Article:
Below are some links to the stories from the last couple of days including links to the multimedia pieces.
Also the Voice of Nosara has started working with other Costa Rican papers, mostly online stuff. We share stories that are relevant with them and they do likewise. The idea is to create more web traffic. One of my photos was used on elpais.cr and my preview about the Triple Crown Surf contest was just reposted to insidecostarica.com
So that’s it this week, coming up there’s a second round of the triple Crown Surf contest this Saturday. Saturday night is a picture story about St. Patricks at the Black Sheep pub, the only Irish-style pub in Nosara and on the 20th fiestas come to Garza a town 10km away.
Well, it has been a long time since I posted. Mid February was a little slow I was working on a few different stories but not much too exciting happened.
Then the last week of February my girlfriend Yamina came to visit, we had a pretty excellent time here, lots of beach time and seaside drinks. Then suddenly she was gone. Although I didn’t really have time to miss her right away…
There were long walks on the beach after sunset…
And a trip into the jungle on ziplines…
The guides were pretty awesome people.
Complete with a sarcastic sense of humour…
Our last night was so romantic, they should make a movie.
The day after she left I had to go to Nicoya, the capital of the province Nosara is in. The paper wanted some stock photos of the of the members of town council there for future stories about their decisions. It was nice and easy, I was also asked to shoot some stock pics of key places in the city.
The next morning rather than going back to Nosara I had to leave the country because my visa had expired. When you enter Costa Rica you’re supposed to get a visa good for 90 days, however, mine was only good for 40 days, although I’m not sure why I think it was because I didn’t have a return flight booked.
So I left Nicoya at 6am for Liberia in northern Costa Rica then caught another bus to the border town of Peñas Blancas. I walked across the border and hit two snags: first I got screwed changing money, I changed $50 and the guy that did it took a $20 commission, then I left Costa Rica, at the Nicaraguan immigration booth I was dealing with my visa, just before we were finished the border guard became somewhat sketchy and quiet and told me I need to pay extra because my passport was dirty. While it is true there’s a coffee stain on it, that hasn’t been an issue for Canadian, American, Costa Rican or Peruvian authorities, this ass was soliciting a bribe. So I made him repeat himself then said I didn’t understand and asked him to explain exactly what he needed. It’s a technique I used in Cambodia to minimize or limit bribes required for border officials, making them state loudly and clearly, “I want you to pay me $X because your passport is dirty.” The idea being, the guard won’t want to be overheard by superiors or coworkers, the tactic worked and he growled at me, stamped my passport and I was on my way having only paid the prerequisite $12 for a tourist visa.
I got into the town near by and looked for a bus, I found a brightly coloured school bus headed to the capital, I hopped on board and we pulled out. The town of Peñas Blancas on the Nicaraguan side was like the wild west meets shanty town, people selling stolen watches, wallets and homemade food.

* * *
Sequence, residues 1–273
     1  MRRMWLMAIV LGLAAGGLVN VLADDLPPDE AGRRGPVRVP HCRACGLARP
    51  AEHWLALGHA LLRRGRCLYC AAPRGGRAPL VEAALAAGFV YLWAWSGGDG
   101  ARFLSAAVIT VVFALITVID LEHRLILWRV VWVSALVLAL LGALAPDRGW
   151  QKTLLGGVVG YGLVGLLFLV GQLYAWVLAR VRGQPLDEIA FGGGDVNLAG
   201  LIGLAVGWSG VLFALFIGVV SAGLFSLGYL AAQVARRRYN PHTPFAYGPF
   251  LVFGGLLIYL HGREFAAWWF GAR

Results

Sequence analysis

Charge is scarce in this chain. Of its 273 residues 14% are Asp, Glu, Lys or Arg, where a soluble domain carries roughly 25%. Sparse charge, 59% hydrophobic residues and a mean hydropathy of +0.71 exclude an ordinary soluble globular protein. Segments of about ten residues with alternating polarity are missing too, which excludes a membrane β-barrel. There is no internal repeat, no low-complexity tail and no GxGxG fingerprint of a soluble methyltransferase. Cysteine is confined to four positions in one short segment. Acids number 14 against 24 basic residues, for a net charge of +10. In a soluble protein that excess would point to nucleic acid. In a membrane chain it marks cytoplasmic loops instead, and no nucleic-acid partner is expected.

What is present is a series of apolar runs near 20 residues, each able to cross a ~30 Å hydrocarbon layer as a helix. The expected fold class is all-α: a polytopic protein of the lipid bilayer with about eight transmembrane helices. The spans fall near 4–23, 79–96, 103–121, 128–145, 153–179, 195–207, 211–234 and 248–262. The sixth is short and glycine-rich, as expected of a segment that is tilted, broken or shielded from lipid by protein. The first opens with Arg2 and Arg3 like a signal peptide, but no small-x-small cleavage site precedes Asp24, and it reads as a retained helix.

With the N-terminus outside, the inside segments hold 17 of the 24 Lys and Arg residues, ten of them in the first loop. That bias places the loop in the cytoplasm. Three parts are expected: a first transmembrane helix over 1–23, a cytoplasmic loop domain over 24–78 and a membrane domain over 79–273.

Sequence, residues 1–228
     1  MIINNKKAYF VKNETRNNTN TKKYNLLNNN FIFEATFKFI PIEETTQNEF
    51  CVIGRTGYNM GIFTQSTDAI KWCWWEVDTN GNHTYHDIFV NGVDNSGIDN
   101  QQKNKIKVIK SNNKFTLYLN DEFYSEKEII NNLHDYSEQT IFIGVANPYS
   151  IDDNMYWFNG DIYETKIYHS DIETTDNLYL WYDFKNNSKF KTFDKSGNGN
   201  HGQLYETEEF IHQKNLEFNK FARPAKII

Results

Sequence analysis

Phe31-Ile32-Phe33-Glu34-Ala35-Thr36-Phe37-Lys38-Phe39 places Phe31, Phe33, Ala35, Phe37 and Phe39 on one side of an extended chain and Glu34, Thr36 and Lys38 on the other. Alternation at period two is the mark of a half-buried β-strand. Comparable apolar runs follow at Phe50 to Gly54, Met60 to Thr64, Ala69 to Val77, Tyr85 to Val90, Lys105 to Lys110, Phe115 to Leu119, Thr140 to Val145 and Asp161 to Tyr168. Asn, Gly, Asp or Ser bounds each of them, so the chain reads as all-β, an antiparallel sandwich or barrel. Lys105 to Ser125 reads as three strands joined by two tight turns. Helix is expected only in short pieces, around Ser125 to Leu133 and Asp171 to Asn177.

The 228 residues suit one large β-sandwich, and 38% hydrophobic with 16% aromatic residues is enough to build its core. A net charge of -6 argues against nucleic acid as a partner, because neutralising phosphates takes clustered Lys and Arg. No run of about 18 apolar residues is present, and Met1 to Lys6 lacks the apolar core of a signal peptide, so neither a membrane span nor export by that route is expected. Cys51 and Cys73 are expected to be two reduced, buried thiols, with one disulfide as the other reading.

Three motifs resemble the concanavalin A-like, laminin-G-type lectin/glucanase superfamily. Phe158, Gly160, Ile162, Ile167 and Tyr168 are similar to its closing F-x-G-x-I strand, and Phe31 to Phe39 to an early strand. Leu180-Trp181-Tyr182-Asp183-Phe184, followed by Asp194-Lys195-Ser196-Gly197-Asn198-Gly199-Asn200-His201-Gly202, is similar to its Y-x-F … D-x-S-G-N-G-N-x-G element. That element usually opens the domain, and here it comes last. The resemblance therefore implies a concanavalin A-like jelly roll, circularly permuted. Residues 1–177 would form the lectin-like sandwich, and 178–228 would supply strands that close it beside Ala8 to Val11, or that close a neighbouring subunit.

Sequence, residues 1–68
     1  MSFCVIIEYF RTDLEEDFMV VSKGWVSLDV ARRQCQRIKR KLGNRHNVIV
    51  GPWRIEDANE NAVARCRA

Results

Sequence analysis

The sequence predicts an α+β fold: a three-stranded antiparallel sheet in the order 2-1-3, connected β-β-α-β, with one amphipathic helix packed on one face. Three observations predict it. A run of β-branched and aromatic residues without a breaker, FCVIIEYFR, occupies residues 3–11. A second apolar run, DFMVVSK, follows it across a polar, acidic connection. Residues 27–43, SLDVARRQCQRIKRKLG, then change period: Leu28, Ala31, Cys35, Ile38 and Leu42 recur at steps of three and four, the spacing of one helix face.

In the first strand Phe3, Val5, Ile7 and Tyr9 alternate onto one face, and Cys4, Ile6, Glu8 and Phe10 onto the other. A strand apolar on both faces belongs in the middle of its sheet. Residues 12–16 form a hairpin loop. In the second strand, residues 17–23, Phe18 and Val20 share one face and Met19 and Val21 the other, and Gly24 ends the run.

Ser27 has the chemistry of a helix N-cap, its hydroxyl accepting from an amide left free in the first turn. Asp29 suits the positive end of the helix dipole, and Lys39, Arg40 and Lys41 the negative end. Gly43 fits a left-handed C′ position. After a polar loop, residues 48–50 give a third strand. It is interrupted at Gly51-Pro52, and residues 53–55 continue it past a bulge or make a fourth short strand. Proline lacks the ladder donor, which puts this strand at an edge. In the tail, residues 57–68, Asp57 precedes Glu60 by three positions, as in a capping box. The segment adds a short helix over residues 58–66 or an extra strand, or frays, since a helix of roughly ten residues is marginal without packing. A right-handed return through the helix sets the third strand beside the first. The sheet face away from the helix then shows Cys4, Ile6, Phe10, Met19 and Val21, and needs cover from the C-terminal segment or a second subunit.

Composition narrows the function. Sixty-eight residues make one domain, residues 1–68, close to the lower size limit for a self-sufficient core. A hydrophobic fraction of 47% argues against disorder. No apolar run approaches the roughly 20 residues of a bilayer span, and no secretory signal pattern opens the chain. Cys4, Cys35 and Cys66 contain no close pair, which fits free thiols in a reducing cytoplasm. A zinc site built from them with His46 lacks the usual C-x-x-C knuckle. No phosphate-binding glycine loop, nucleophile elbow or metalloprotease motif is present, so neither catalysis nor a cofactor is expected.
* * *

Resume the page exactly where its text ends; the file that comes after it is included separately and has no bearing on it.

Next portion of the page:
The bus dropped me off on the side of a highway about a kilometer from the hostel I was staying at. The hostel was located in the village of Poste Rojo, about 10km outside of the larger town of Granada.
Poste Rojo is a series of tree houses in the jungle. They rent small cabinas, private rooms, dormitory beds and hammocks, the latter was only $4 a night so naturaly that’s what I took.
Some of the areas were accessible via bridge.
I slept well enough. In the mornings though between the sun, Howler Monkeys and Cicadas it was hard to sleep in past 7am. The sound made by thousands of Cicadas during the day is completely deafening and I had a mild headache by the end of most days, thankfully at night they go quiet.
The day after I arrived was free rum night, yes all you can drink free rum… Everyone seemed to either black out, vomit or both… I didn’t though, I know how to drink without making an ass of myself. The party included a cow costume with a hole in the udder to feed rum out of and a visit by the Nicaraguan police… The cops, however, were dissuaded from doing anything when the hostel owner offered them beer and rum and a pack of cigarettes, they then joined the party. We took turns wearing their helmet and holding their shotgun for photos, then the cops sorta joined the party for a little while, I’m still not sure what to think about this.
My last full day in Nicaragua I joined a few other backpackers, two girls from Tilsonburg a guy from Germany, a guy from Sweden and a Nicaraguan-born Canadian, headed to a dormant volcano. The volcano, now called Laguna Apoyo has become a huge lake and is one of the deepest lakes in all of Central America. The water was beautiful, bath-tub warm and didn’t have salt! After a month and a half of the surf and salty pacific, a fresh water lake was amazing.
The walk down and up the crater was killer though…
The next morning I headed back on what became one of the most epic single day treks of my life. By the numbers: it was eleven hours, six cities, five buses, 2 countries and about $5. I also had trouble at the border, again, the Costa Ricans wouldn’t let me in because I didn’t have a copy of onward travel. I explained I only had a confirmation number for an electronic plane ticket, I couldn’t find an internet café to print out the number so instead I purchased a bus ticket from San Jose to Managua good for one year and then they let me in. I’ll need to leave again in three months to renew my visa anyway, so now at least I have a ticket direct from San Jose to Managua, next time I go I’ll bring a copy of my itinerary with me.
Interesting point too about Nicaraguan buses, they’re recycled school busses from North America, the one I rode from Poste Rojo to a town near the border actually said the words “Canadian Bluebird” in it and the emergency exit signs were in French and English (neither of which is widely spoken in Nicaragua). I wondered if maybe I’d been on the bus before, perhaps headed to a field trip as a young kid?
When I got back to Nosara I had dreams of a quiet beer and Skype with the girlfriend, however, that was not to be. My boss and the other reporter were at the office. Voice of Nosara has set up something big in August and she wanted to celebrate, so we got a bottle of Glenfidditch and went to a bar in town, bought some pizza and got a little silly.
This morning it was back to work, preparing an article about an upcoming surf competition and looking into some confusing rules relating to the Nosara airport terminal.
I promise I will try to update more often.
For now though that’s it.